The legacy of a beloved father and grandfather — also an FDNY firefighter killed on Sept. 11, 2001, who had completed four New York City Marathons by the time he died — will serve as inspiration and motivation for two Deer Park sisters and their uncle in the Sunday trek through the five boroughs.
“I just get emotional thinking about it,’’ said Gina Tortorici, 25, a teacher at W.F. Mount Elementary School in Stony Brook, of running the New York City Marathon like her grandfather, Raymond Downey, did so many times.
Tortorici said she and her sister Nicolette Tortorici, 23, have trained for the race since July on the same Deer Park streets as their grandfather when he prepared for the grueling race.
“We are following in his very footsteps,’’ she said.
Their uncle did the same when he chose his career. Joseph Downey, an FDNY battalion chief who heads up the special operations unit on Roosevelt Island, said when the expected tough stretches come during the 26.2 mile race, he’ll think of his dad.
“My father always tried to make a negative into a positive,’’ he said.
Even though they were little girls when their grandfather died, his presence is always felt.
“I remember my grandfather vividly," Nicolette Tortorici said. "He was hardworking and anytime there was a national disaster, he was one of the first responders."
That dedication to others was on full display after terrorists crashed two planes into the World Trade Center. Raymond Downey, 63, and a veteran of 39 years in the FDNY on the last day of his life, headed up the department’s special operations command. Downey was last seen at the Marriott Hotel near the Twin Towers, evacuating firefighters onto West Street from the wreckage after the first tower collapsed. When the second tower went down, he was helping a civilian, his son said. He also was there to lead rescue efforts after the 1993 World Trade Center bombing. Two years later, after the bombing of the Alfred P Murrah Federal Building in Oklahoma City, again, it was Raymond Downey in the rubble, leading rescue efforts.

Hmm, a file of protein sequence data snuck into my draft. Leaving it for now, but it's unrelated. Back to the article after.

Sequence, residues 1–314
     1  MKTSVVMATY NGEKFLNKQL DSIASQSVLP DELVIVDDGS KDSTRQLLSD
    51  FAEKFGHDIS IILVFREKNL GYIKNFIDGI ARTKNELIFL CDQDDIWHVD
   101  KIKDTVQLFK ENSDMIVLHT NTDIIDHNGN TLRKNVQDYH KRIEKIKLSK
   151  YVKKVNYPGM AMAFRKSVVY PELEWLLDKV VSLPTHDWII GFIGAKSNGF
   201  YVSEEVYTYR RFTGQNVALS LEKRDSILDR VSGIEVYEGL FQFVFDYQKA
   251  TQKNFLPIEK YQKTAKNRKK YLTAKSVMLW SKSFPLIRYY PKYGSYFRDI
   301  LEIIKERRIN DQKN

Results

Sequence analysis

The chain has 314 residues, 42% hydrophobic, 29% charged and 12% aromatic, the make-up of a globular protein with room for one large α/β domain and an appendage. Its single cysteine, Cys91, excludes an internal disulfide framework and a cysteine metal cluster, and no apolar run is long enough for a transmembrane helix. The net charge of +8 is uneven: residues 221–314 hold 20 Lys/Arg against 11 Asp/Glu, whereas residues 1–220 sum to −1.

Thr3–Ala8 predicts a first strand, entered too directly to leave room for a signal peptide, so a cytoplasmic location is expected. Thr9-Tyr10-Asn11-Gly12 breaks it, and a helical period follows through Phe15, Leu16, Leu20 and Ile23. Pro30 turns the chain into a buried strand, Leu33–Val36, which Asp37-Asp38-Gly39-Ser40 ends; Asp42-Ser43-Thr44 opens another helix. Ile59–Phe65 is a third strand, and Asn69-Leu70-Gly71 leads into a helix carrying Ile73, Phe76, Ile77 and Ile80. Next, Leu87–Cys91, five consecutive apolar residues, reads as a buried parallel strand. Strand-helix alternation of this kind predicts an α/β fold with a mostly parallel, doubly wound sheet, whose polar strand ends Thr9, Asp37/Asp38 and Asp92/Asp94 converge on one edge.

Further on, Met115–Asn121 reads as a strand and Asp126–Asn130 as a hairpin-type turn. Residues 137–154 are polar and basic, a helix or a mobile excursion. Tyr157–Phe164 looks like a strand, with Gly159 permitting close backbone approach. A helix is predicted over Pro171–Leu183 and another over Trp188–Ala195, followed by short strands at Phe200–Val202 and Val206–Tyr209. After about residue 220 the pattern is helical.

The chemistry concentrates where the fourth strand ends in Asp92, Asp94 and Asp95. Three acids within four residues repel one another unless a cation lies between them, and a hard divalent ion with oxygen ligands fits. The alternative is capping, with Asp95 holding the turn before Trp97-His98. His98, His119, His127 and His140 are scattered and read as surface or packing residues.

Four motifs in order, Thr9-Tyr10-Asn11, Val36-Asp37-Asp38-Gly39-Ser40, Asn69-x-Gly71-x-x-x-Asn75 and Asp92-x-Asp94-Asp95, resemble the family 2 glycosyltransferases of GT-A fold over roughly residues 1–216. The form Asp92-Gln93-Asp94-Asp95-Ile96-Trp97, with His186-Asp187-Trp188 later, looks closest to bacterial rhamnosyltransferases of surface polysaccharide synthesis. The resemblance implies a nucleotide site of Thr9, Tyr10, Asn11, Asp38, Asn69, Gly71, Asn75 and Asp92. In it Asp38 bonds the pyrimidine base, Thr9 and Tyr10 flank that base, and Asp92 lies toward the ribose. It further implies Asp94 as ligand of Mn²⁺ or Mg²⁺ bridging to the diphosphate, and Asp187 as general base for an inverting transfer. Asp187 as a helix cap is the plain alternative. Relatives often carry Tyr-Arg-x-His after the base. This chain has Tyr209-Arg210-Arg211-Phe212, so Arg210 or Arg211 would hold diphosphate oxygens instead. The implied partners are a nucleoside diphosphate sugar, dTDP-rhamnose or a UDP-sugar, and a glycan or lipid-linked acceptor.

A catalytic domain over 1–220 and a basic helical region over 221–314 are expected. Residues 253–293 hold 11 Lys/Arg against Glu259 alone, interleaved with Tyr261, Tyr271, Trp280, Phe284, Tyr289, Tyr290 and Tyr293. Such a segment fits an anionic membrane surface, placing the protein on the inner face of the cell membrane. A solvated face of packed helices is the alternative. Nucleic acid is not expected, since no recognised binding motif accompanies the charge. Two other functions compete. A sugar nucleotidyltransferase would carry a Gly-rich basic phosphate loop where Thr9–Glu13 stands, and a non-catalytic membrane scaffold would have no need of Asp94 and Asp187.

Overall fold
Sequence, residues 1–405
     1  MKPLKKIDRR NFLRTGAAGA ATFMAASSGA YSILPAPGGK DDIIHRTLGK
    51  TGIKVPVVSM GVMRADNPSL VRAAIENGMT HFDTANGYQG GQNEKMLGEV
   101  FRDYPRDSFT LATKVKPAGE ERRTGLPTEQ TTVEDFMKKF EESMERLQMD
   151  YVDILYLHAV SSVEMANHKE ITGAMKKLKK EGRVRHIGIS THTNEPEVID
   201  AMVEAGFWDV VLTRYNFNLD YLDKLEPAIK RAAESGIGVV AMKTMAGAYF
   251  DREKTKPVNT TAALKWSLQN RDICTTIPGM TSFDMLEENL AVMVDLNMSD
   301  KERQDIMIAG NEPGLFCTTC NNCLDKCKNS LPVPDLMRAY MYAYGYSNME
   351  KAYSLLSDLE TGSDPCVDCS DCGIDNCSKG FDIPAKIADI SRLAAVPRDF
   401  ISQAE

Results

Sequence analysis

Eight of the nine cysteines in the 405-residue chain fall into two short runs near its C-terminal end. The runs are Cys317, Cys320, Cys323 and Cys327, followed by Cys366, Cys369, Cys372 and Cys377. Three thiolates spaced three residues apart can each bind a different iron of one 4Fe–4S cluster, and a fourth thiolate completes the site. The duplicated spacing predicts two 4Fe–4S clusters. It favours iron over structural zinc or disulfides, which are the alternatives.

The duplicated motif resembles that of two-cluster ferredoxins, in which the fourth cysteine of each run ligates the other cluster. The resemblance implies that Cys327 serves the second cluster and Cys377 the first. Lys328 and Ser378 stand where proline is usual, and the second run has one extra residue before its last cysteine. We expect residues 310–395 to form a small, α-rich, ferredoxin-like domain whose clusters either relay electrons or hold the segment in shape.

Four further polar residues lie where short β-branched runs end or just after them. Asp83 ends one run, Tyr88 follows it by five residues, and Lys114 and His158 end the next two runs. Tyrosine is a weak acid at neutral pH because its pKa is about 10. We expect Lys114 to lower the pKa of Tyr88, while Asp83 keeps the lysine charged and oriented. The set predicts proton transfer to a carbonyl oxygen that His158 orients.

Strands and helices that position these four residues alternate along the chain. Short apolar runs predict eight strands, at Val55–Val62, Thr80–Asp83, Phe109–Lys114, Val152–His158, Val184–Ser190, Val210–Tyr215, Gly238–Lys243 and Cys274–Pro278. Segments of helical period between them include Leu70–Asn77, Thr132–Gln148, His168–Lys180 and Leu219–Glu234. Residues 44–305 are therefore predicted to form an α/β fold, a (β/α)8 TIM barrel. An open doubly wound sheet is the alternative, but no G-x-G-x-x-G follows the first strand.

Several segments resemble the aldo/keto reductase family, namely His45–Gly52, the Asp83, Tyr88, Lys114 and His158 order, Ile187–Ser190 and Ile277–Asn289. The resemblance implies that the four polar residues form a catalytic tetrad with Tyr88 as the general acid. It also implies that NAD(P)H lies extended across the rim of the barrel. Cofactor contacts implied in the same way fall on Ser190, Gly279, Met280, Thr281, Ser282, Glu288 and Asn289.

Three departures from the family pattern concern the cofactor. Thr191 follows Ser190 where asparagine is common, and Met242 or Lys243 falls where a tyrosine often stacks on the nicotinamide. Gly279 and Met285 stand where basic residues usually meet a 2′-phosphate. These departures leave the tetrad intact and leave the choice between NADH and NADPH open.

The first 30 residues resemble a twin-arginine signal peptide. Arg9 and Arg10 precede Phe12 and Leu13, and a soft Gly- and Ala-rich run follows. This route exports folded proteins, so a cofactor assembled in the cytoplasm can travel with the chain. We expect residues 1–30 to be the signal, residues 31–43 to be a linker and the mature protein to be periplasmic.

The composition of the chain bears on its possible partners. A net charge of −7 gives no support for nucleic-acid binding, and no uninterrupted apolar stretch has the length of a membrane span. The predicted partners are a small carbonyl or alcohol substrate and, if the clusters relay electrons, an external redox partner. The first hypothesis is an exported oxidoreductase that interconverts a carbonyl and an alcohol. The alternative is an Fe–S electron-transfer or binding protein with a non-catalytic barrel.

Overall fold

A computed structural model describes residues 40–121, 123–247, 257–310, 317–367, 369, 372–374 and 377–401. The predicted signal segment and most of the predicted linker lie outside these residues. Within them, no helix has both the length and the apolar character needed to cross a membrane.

In a tribute to Downey’s legacy and his love of running, his family founded the Raymond Downey Forever Running 5K Run/Walk held annually on Father’s Day in Deer Park. The event has raised nearly $1 million for student scholarships as well as nonprofit programs supporting the FDNY, family members said.
“He is our motivation and we will be shoulder to shoulder with other runners who are also raising money for good causes and for the memories of their lost loved ones,’’ Gina Tortorici said. “It’s going to be a blessed and beautiful day.’’
At Downey’s funeral, attended by then-Gov. George Pataki, hundreds of firefighters from across the city and the nation came to Deer Park to pay their final respects, remembering him as a hero among their ranks. It’s easy to grasp why more than
17 years after his death, Downey’s son and granddaughters will summon his memory when the race is at its most challenging.
"My father was a good man, a moral man and a religious man,’’ Joseph Downey said. "He was about working hard and being your own person. We never try to be him, but to aspire.’’